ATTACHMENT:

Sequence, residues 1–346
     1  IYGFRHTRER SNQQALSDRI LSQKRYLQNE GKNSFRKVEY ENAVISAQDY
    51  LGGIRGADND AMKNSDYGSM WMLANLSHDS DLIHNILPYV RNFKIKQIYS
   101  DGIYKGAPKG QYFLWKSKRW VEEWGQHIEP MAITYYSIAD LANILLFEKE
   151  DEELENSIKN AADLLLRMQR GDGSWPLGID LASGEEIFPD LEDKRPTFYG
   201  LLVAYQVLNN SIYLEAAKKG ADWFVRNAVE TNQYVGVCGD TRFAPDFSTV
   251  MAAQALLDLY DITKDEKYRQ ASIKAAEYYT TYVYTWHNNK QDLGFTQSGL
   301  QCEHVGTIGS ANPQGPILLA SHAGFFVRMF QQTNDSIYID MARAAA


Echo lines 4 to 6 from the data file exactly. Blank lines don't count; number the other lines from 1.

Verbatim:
   101  DGIYKGAPKG QYFLWKSKRW VEEWGQHIEP MAITYYSIAD LANILLFEKE
   151  DEELENSIKN AADLLLRMQR GDGSWPLGID LASGEEIFPD LEDKRPTFYG
   201  LLVAYQVLNN SIYLEAAKKG ADWFVRNAVE TNQYVGVCGD TRFAPDFSTV